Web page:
The longest-serving manager in England's top four divisions is preparing for his ninth season in charge at the side with the smallest budget in League Two
29 July ~ Football is more deeply stratified than ever before. While the success of Manchester City is powered by seemingly limitless wealth, the reality for most clubs is rather different. Morecambe’s budget is the smallest in League Two and the club are routinely dogged by financial difficulties.
“We’ve struggled with transfer embargoes, late payment of wages, ownership problems. It’s all been well-documented,” says Jim Bentley, the club’s long-standing manager. “There have been testing times but they make you stronger. It shouldn’t be part of your job description but sometimes, at some clubs, it is. We’re seeing it more and more now, and at bigger clubs than us, like Bolton. It’s really sad to see that football clubs can go like that because they’re the heartbeat of their communities. There are people’s livelihoods at stake and we were no different. We got on with the job in hand. Those things shouldn’t be thrown at you, because you want everything to run smoothly and everyone to get paid for what they do, but it’s not always the case. It was a test of our dedication, our togetherness and spirit.”
Unflinching commitment through adverse conditions has been a hallmark of Bentley’s work at Morecambe. He first joined the club as a player in 2002, and says that he never could have imagined lasting this long. Offers to go elsewhere have been turned down. He’s stayed put as the landscape has shifted around him.
“It’s always felt like a second home to me,” says Bentley, who was born and grew up 50 miles away in Liverpool. “I’ve had the odd opportunity to move on, as a player and a manager, but I still find myself here. That’s not to say I’m not ambitious but you don’t know what’s around the corner in football. You’re always keeping every option open. I want to get up the ladder, and to the very top if I can.”
A hardened centre-back who started his career at Manchester City before spending five years at Telford United, Bentley captained Morecambe to promotion to the Football League for the first time in the club’s history in 2007. He has helped to keep them there, in one capacity or another, ever since.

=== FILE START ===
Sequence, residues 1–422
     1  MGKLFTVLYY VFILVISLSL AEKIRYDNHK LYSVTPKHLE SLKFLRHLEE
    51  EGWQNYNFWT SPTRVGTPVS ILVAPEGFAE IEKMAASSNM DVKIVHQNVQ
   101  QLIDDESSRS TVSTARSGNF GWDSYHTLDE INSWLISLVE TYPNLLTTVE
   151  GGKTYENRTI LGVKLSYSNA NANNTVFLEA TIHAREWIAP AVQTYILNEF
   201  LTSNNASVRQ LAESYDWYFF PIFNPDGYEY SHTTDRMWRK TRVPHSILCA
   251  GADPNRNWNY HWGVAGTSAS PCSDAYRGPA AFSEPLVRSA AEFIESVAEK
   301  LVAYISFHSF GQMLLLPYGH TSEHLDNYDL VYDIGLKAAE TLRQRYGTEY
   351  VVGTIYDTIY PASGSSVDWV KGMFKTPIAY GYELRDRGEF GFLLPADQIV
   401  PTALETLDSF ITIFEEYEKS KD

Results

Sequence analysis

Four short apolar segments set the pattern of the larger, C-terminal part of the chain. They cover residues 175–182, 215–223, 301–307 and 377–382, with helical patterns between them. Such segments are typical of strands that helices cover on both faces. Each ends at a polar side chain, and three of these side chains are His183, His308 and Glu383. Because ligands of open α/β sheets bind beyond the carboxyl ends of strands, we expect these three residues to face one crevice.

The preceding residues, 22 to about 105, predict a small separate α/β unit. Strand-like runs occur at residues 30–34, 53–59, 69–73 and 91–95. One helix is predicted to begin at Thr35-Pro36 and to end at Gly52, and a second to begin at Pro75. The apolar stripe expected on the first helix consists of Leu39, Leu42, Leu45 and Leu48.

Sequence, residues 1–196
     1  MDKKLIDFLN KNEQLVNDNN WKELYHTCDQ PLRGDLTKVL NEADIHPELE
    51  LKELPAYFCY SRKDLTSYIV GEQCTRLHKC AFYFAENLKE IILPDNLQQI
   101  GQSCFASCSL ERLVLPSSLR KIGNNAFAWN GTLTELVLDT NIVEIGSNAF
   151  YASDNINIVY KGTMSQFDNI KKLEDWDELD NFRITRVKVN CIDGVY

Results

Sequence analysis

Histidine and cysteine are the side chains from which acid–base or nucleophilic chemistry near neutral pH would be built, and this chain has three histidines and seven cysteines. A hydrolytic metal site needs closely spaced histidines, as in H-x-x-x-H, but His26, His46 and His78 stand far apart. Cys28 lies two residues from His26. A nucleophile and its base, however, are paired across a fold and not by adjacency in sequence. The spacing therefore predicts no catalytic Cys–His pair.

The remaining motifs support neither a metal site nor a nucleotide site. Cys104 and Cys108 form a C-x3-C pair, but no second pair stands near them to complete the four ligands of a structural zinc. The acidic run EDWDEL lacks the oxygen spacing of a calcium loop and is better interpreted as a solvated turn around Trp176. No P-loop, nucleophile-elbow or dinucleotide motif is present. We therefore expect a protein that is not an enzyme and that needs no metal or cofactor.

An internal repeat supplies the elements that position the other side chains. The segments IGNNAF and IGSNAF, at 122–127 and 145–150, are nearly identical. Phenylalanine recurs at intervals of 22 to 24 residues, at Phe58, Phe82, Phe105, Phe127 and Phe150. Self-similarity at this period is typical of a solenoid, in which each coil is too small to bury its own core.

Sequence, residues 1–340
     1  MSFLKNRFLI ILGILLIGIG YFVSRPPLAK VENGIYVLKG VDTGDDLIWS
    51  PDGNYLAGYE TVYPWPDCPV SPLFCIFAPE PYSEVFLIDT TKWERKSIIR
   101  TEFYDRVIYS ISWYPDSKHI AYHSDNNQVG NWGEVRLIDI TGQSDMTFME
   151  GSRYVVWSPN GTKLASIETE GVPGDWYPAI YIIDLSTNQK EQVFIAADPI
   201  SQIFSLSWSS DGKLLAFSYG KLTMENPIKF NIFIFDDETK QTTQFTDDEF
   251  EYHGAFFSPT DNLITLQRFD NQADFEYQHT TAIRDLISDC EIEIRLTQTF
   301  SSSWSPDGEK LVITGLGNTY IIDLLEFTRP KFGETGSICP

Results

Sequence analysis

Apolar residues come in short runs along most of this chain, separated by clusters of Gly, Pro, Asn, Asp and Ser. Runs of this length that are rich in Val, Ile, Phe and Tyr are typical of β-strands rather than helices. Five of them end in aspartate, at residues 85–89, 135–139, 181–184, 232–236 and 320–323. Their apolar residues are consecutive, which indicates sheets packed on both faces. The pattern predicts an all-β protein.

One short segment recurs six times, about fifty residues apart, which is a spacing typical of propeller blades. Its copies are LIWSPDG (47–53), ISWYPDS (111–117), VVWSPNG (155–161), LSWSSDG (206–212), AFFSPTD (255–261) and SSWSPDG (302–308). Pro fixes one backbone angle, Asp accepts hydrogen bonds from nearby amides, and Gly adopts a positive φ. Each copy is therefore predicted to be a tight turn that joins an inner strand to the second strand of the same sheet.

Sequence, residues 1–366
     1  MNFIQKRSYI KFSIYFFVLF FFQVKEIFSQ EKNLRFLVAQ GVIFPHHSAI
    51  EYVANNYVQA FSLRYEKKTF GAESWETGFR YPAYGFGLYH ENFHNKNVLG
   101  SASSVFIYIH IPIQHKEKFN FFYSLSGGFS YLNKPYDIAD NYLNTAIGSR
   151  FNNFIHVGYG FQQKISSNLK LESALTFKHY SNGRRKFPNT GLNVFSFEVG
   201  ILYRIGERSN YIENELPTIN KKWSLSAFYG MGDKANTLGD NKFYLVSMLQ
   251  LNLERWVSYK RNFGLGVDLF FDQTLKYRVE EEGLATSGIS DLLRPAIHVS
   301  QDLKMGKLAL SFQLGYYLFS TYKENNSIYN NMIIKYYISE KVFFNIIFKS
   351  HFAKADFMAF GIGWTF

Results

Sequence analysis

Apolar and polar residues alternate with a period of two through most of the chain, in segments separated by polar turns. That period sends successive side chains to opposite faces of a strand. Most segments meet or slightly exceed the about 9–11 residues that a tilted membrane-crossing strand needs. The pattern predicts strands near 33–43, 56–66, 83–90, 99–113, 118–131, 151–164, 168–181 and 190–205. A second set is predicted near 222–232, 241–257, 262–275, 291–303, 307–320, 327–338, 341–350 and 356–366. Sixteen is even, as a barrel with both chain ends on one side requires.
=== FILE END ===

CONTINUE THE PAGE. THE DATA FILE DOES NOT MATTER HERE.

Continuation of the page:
When Arsène Wenger and Paul Tisdale left their roles last summer, Bentley became the longest-serving manager in the top four divisions of the English game. “It just shows you the lifespan of a football manager. It’s a proper cut-throat business. But I like to think that, all things considered, we’ve done well every year to keep a club like Morecambe in the Football League. That’s a success story in itself and hopefully we can kick on and get further up the table.”
After another tough season, his eighth in charge of the Shrimps, Bentley was able to reflect on the challenges of lower-league management and learning to endure in such an unforgiving environment. Despite a strong relationship with the club’s fans, his position came under scrutiny in September after a poor run of form.
“This year was the hardest. We weren’t set before the start of the season. Clubs like us have to wait. You’re at the bottom of the food chain and we didn’t have everyone in place. We lost the first game 6-0 and we lost seven of the first eight. I felt under a bit of pressure because you do. It’s your livelihood. It’s your job. No one likes losing games of football. Certainly not someone who’s been at the club for 17 years like I have.”
Injuries hampered a small squad and consistency was hard to come by. Having struggled for goals in the first half of the season, the signings of Aaron Collins and Richie Bennett rectified the situation and Morecambe finished strongly. They ended up in 18th place, 13 points clear of the bottom two and a major improvement on the previous campaign, when safety was only secured on the final day.
Squeezing the most out of minimal resources has become Bentley’s specialty. In the circumstances, he has no other option. Much bigger clubs than Morecambe have suffered relegation in recent seasons but their tireless manager has developed a keen survival instinct.
“I’ve learned that I’m durable, and that I’m thick-skinned, I knew that I was hard-working, and dedicated and honest, and that’s what you’ve got to be. I didn’t expect the job to be so taxing but it is. It’s 24/7. Even if you have a day off, you’re still thinking about players and sessions. It’s very time-consuming and tough but I enjoy it. It becomes like a drug to you. I enjoy the responsibility of being dedicated and organised because I pride myself on that.” Sean Cole